THEY were some of the most magnificent words ever spoken in Scottish political history, and it was supremely fitting that they came from the mouth of Winnie Ewing, Madame Ecosse herself…

“The Scottish Parliament, adjourned on the 25th day of March in the year 1707, is hereby reconvened.”

As the “Mother of the House” – the oldest MSP elected in 1999 – it fell to Ewing to make that historic announcement which formally opened the devolved Scottish Parliament.

Far be it from me to question a political heroine of mine but Ewing was being a trifle disingenuous, for the Parliament that did indeed adjourn 316 years ago this week was a full national Parliament of a sovereign country while as we all now know for certain after the judgement of the UK Supreme Court – its very existence a palpable breach of the Acts of Union – that the present Scottish Parliament is a creature of Westminster that exists only at the whim of the UK Parliament.

I am often asked about the Union and why Scotland gave up its sovereignty to join this new state, this United Kingdom. My answer is simple and always the same: the landed and moneyed classes imposed the Union on both countries when the majority of citizens, Scottish and English, did not want it, largely because the upper class thought it would make the wealthy wealthier through increased trade and would guarantee the continued existence of the Protestant monarchy.

I don’t think we nowadays realise how important that Protestant monarchy was to those who brought about the Union. It was the main motivation of Queen Anne in bringing forward the Union, and it was only achieved once an Act was passed to guarantee the supremacy of the Church of Scotland as the Scottish state religion.

I am pretty certain that only a small percentage of the people of Scotland have ever fully read the Act of Union finally passed by the Scottish Parliament on January 16, 1707, and which still governs our Scottish nation to this day – for instance, for all our talk of the sovereignty of the people, we can’t choose our monarch and he or she cannot be a Roman Catholic. Institutional sectarianism, as I have previously called it.

So to mark Saturday’s 316th anniversary of the adjournment of the Scottish Parliament, on your behalf I have been looking at that historic day and the events immediately leading up to it. My findings may surprise you.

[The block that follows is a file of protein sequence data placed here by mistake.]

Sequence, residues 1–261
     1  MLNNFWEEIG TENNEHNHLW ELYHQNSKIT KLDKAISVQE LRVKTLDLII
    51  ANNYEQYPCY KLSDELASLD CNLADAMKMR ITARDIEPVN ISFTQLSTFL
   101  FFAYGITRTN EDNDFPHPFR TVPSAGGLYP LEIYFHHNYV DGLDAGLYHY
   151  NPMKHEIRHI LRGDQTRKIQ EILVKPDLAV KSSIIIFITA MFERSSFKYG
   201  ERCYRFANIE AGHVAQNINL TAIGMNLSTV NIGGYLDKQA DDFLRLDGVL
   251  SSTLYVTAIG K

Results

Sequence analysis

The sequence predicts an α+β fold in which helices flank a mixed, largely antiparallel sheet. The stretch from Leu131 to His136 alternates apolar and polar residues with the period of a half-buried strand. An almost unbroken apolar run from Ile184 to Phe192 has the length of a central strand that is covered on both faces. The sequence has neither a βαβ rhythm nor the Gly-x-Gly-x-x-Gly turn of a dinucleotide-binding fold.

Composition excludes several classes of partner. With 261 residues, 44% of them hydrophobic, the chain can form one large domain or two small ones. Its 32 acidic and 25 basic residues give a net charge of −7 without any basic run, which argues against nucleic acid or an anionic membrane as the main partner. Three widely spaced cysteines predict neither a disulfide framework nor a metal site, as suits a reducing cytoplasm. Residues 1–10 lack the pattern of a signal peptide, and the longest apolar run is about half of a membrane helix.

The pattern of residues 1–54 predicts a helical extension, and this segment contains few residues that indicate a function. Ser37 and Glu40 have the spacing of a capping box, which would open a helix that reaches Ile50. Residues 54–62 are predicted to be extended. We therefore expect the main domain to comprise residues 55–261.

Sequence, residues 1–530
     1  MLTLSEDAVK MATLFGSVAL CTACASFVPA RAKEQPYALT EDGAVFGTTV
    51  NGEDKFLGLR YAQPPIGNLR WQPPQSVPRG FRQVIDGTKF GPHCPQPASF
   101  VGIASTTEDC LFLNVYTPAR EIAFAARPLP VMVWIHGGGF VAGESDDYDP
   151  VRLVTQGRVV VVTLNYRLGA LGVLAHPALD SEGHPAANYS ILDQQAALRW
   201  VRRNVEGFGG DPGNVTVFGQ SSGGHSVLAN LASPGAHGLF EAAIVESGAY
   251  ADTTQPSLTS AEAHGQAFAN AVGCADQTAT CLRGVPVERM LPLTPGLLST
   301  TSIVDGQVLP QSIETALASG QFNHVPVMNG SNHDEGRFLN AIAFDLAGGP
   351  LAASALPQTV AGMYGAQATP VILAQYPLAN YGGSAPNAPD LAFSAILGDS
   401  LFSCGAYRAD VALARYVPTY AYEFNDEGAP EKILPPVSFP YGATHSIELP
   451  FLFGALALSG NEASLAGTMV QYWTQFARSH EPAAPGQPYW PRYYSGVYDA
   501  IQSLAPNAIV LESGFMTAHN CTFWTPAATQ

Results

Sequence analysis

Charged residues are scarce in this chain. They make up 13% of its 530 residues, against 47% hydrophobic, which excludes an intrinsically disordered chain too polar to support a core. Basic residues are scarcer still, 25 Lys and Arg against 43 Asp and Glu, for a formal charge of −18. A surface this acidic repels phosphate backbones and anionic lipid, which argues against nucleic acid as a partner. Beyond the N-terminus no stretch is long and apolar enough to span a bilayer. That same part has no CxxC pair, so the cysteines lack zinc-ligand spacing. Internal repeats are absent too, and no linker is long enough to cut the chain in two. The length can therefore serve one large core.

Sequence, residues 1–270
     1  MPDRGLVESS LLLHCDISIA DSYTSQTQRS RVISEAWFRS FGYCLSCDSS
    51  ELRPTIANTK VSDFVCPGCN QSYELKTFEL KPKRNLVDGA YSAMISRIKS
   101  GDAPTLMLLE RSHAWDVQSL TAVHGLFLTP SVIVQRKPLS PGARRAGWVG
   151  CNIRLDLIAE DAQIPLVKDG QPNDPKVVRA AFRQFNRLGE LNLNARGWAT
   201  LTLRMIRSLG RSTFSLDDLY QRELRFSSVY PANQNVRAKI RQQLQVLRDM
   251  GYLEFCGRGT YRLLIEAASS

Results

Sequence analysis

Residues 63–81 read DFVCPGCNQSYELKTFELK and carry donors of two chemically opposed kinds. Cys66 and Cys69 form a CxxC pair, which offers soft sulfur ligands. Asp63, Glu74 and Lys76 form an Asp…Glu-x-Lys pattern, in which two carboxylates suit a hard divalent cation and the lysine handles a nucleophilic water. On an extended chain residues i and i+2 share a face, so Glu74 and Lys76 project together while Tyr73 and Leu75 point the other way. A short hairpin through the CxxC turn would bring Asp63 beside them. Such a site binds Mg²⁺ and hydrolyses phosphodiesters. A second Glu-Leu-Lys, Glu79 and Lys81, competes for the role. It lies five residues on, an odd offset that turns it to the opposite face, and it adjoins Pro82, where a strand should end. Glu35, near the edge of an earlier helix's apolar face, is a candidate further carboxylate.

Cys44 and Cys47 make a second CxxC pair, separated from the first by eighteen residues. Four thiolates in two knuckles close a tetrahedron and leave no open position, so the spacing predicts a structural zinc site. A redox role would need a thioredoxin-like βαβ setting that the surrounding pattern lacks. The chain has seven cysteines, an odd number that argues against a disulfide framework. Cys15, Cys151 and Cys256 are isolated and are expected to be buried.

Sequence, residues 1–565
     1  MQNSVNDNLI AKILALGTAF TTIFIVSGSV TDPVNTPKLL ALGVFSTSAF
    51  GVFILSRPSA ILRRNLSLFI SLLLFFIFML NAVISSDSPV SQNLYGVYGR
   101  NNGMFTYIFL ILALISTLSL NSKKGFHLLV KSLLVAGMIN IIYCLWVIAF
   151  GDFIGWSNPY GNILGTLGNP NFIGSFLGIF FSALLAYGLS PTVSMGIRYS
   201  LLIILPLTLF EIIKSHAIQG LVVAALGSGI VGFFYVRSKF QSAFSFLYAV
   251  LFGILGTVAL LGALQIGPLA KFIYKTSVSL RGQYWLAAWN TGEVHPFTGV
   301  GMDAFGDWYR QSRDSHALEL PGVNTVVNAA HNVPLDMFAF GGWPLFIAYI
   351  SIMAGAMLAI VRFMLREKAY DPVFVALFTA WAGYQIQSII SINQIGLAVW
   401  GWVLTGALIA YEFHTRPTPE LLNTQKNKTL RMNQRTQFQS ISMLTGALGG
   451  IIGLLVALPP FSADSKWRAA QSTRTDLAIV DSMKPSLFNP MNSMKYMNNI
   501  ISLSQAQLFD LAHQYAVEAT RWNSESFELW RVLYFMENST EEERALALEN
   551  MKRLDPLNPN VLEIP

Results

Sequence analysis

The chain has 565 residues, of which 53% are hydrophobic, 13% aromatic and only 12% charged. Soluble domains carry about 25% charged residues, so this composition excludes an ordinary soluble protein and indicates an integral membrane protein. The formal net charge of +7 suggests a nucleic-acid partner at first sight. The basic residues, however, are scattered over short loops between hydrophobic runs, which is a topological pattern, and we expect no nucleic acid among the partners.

I further suspect that most Scots couldn’t name a dozen of the “Parcel of Rogues”, as Robert Burns so witheringly called them in his poem of the same name, who voted the sovereign nation of Scotland’s polity out of existence – so, for the first time in any newspaper that I can recall, I am going to name all of the Parcel of Rogues.

The records of the former Scottish Parliament are available online and contain the names of the 110 men who voted to approve the Act of Union. They are listed under the “nobility”, named by rank, and the “barons” and “burghs”.

Of the Nobility: James Ogilvy, Earl of Seafield, the Lord Chancellor (whose vote did not count and who did not need to have his name recorded but insisted on Parliament noting his support for the Union); James Graham, Marquis of Montrose, president of the secret council (the Queen’s placemen); and John Campbell, Duke of Argyll.

The next rank was the marquises: John Hay, Marquis of Tweeddale; William Kerr, Marquis of Lothian.

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Then came the earls: John Erskine, Earl of Mar, the Secretary of State; John Gordon, Earl of Sutherland; John Hamilton/Leslie, Earl of Rothes; James Douglas, Earl of Morton; William Cunningham, Earl of Glencairn; James Hamilton, Earl of Abercorn; John Ker, Earl of Roxburghe; Thomas Hamilton, Earl of Haddington; John Maitland, Earl of Lauderdale; David Wemyss, Earl of Wemyss; William Ramsay, Earl of Dalhousie; James Ogilvy, Earl of Findlater; David Leslie/Melville, Earl of Leven; David Carnegie, Earl of Northesk; Colin Lindsay, Earl of Balcarres; Archibald Douglas, Earl of Forfar; William Boyd, Earl of Kilmarnock; John Keith, Earl of Kintore; Patrick Hume, Earl of Marchmont; George MacKenzie, Earl of Cromarty; Archibald Primrose, Earl of Rosebery; David Boyle, Earl of Glasgow, the treasurer depute; Charles Hope, Earl of Hopetoun; Henry Scott, Earl of Delorain; Archibald Campbell, Earl of Islay.